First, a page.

Enigma Machine and Its U-boat Codes - U-110 CAPTURED

U-110 CAPTURED (Illustration) Biographies Famous Historical Events Social Studies World War II

Enigma machines were important for all branches of the German military during WWII, but their use by the German Navy was extremely costly for the Allies (particularly for Britain). In this image, we see the location of an Enigma machine aboard a U-Boat (reportedly U-110).


With Royal Navy vessels surrounding her, U-110 was about to make history. So was David Balme. Here is how he recalls those moments as he descended into the bowels of the crippled U-boat:

...I, David Balme, was duty-bound to climb that conning tower and descend into what? Remains of the German crew to greet me? Or scuttling charges rigged to explode as I opened the hatch? My previous seven years of training could not dull the vividness of such mental images.

What did Balme find as he descended into U-110?

I am still haunted by my climb down that last vertical ladder, fifteen feet into the bowels of U-110, now with the revolver holstered. I felt there must be someone below trying to open the seacocks, or setting the detonating charges. But no one was there. There must have been complete panic in U-110, and she was left to us as the greatest prize of the war. But I still wake up at night fifty-six years later to find myself going down that ladder.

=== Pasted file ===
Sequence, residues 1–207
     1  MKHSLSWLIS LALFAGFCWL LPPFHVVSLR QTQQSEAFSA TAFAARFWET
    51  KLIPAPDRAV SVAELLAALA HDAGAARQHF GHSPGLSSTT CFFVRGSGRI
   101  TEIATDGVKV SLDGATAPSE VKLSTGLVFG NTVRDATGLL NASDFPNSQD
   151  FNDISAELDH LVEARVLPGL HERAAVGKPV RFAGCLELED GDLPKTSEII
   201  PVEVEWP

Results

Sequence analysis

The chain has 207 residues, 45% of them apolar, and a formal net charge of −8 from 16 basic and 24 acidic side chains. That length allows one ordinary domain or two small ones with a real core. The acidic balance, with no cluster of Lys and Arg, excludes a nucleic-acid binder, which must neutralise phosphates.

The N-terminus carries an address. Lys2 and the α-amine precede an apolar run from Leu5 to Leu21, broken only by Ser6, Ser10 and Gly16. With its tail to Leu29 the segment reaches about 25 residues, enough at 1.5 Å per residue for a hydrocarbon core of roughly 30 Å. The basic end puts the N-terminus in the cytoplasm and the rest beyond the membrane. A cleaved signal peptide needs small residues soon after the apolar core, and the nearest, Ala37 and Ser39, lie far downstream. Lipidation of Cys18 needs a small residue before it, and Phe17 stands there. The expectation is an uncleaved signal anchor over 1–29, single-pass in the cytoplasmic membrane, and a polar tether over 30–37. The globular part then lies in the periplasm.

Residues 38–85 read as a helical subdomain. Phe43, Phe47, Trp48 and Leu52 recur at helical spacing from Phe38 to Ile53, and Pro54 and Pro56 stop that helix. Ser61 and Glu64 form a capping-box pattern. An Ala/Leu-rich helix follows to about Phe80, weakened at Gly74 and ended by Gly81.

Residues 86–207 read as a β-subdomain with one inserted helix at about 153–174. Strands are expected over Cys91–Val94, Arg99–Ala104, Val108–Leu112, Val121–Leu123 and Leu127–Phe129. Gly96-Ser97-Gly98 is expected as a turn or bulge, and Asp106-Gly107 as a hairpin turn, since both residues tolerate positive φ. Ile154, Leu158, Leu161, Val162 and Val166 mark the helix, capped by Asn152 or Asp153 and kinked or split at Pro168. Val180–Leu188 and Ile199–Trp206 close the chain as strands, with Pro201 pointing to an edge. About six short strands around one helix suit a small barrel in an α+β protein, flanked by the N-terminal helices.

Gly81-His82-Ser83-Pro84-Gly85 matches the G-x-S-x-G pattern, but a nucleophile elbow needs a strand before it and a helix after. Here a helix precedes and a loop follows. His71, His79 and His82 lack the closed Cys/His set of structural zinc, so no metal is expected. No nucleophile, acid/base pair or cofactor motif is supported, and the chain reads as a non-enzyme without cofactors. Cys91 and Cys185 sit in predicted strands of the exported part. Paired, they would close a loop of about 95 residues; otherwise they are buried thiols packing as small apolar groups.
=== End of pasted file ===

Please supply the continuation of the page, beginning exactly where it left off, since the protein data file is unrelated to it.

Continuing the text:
When Balme reached the inside of U-110, he and his boarding party found what no one had ever before found: A working Enigma machine AND a sealed envelope with the code for the month of June.

Meanwhile the telegraphist found the W/T office [radio compartment] in perfect condition: no one had so much as tried to destroy books or apparatus. Codebooks, signal logs, pay books and general correspondence were all intact.

A coding machine, too, was plugged in as though it had been in use when abandoned. It resembled a typewriter, hence the telegraphist pressed the keys, and reported to me that the results were peculiar. The machine was secured by four ordinary screws, soon unscrewed and sent up the hatch to the motorboat alongside.

From there, it would be sent to Bletchley Park where Alan Turing, a mathematical genius, and his team were already working on a method to crack Hitler's uncrackable code.

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Author: Carole D. Bos, J.D. 5190stories and lessons created

Original Release: Feb 01, 2001

Updated Last Revision: Mar 01, 2015

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"U-110 CAPTURED" AwesomeStories.com. Feb 01, 2001. Feb 17, 2020.
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